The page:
We all need certain things to feel safe enough to put ourselves into the world. Kids with anxiety are thoughtful, observant and insightful, and their wisdom will always have the potential to add something important to the world for all of us. Until they have a felt sense of safety though, we won’t see it.

This safety will only happen through relationship. This isn’t a child thing, or an anxiety thing. It’s a human thing. We’re all wired to feel safest when we’re connected to the people around us. For children it starts with the adult in the room.

We can pour all the resources we want into learning support, or behaviour management, but until children have a felt sense of safety and connection with the adult in the room, the ‘thinking brain’ won’t be available. This is the frontal cortex, and it’s the part of the brain needed for learning, deliberate decisions, thinking through consequences, rational thinking. During anxiety, it’s sent offline.

Anxiety is not about what is actually safe, but about what the brain perceives. A child can have the safest, most loving, brilliant teacher, but until there is a felt sense of connection with that teacher (or another adult in the room), anxiety will interrupt learning, behaviour, and their capacity to show the very best of what they can do. And what they can do will often be surprising - insightful, important, beautiful things.

But relationships take time. Safety and trust take time. The teachers who take this time are the ones who will make the world feel safer for these children - all children, and change their world in important, enduring ways. This is when learning will happen. It’s when we’ll stop losing children who fly under the radar, or whose big behaviour takes them out of the classroom, or shifts the focus to the wrong things (behaviour, learning, avoidance, over relationships).

The antidote to anxiety is trust, and the greatest way to support learning and behaviour is with safe, warm, loving relationships. It’s just how it is, and there are no shortcuts.
In uncertain times, one thing that is certain is the profound power of you to help their world feel safe enough. You are everything to them and however scary the world feels, the safety of you will always feel bigger.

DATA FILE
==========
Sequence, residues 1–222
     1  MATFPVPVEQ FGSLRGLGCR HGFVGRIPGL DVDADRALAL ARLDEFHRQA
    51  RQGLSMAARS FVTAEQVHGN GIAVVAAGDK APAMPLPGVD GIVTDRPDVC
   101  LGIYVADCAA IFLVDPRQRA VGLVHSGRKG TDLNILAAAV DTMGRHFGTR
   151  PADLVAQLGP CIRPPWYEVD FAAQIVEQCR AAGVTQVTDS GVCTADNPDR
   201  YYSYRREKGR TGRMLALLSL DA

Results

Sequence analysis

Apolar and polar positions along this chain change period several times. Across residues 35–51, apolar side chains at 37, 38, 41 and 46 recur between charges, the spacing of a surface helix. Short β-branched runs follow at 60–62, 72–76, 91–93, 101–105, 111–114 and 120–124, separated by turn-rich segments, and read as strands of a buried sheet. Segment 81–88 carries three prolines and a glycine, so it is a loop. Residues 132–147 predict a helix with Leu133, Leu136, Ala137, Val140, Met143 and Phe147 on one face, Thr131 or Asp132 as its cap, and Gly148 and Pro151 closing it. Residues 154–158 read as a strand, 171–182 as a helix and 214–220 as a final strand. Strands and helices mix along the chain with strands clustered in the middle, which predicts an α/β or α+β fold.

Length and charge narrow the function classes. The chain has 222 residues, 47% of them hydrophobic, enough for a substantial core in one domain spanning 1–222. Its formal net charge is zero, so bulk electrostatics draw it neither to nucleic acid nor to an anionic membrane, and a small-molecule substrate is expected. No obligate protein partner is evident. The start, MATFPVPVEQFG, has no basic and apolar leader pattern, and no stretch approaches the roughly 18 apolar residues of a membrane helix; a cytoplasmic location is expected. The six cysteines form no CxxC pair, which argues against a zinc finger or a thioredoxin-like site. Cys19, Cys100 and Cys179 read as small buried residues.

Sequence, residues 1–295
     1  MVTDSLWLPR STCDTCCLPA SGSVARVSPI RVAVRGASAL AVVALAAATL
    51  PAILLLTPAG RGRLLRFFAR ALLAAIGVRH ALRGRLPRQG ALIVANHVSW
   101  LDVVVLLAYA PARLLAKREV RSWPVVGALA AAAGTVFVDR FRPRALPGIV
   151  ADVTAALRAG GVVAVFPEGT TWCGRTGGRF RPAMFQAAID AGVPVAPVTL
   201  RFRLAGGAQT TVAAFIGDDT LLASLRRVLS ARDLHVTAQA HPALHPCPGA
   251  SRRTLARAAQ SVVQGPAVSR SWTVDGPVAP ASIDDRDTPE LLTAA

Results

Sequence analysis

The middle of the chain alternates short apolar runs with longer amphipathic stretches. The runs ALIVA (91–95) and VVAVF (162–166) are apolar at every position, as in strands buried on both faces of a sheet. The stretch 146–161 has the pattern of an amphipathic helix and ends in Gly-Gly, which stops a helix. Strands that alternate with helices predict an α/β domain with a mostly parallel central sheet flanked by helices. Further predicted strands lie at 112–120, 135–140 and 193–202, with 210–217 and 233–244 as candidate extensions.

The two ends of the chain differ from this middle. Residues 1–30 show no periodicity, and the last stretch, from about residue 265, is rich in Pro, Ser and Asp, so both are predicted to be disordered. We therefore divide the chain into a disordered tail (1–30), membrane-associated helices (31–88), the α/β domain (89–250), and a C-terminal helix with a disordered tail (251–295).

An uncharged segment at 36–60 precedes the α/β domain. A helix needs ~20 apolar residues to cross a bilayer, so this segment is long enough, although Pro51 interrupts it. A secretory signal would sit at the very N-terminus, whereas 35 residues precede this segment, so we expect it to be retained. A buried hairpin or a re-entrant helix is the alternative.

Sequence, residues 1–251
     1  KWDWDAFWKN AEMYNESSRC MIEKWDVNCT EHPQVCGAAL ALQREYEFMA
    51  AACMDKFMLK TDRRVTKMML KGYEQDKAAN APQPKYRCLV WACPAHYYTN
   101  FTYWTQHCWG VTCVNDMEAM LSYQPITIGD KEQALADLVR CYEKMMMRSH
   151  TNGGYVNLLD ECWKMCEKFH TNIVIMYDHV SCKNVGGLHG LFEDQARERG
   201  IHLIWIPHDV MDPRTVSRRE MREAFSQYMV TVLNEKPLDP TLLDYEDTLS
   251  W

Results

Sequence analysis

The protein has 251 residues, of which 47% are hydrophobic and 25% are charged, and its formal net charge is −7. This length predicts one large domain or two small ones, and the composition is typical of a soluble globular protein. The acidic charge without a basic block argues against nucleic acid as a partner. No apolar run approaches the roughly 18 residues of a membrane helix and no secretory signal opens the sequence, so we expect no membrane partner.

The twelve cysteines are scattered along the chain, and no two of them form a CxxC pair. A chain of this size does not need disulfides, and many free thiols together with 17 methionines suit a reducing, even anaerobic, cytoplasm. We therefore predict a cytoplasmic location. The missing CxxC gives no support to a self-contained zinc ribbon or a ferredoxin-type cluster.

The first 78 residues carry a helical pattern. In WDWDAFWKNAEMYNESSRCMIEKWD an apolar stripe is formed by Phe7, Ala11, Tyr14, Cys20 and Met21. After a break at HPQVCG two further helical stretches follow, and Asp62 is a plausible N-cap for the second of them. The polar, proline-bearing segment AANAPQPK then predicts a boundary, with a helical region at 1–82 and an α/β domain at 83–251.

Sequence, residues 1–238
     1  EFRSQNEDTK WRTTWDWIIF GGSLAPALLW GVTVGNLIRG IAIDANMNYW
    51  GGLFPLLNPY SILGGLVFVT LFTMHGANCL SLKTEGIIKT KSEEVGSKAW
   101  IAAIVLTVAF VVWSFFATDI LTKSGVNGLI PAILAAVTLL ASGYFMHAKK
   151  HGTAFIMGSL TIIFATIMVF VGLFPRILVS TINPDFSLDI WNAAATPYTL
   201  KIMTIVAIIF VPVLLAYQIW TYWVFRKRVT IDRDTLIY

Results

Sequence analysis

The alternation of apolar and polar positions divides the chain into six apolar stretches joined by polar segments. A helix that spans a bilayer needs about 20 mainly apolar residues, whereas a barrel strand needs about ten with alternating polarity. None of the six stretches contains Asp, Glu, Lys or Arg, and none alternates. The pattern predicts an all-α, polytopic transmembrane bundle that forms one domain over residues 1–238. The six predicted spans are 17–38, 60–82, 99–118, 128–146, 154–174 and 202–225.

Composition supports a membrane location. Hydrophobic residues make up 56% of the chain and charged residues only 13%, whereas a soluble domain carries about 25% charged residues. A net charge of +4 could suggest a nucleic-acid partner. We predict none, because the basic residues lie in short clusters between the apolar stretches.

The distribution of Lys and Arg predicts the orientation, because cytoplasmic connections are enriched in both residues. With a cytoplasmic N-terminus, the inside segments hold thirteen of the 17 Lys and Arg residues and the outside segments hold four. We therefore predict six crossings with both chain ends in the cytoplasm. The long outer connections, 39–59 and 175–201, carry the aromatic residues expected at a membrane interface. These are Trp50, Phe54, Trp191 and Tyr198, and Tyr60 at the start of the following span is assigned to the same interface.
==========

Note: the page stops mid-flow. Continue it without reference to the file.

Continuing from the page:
When the world feels fragile, they will look to us for strength. When it feels unpredictable, they will look to us for calm. When they feel small, we can be their big. 

Our children are wired to feel safe when they are connected and close to us. That closeness doesn’t always have to mean physical proximity, but of course that will be their favourite. Our words can build their safe base, “I know this feels scary love, and I know we will be okay.” And our words can become their wings, “I can hear how worried you are, and I know you are brave enough. You were built for this my love. What can you do that would be brave right now?”

We might look for the right things to do or the right things to say to make things better for them, but the truth of it all is the answer has always been you. Your warmth, your validation, your presence, your calm, your courage. You have the greatest power to help them feel big enough. You don’t have to look for it or reach for it - it’s there, in you. Everything you need to help them feel safe enough and brave enough is in you. 

This doesn’t mean never feeling scared ourselves. It’s absolutely okay to feel whatever we feel. What it means is allowing it to be, and adding in what we can. Not getting over it, but adding into it - adding strength, calm, courage. So we feel both - anxious and strong, uncertain and determined, scared and safe ‘enough’.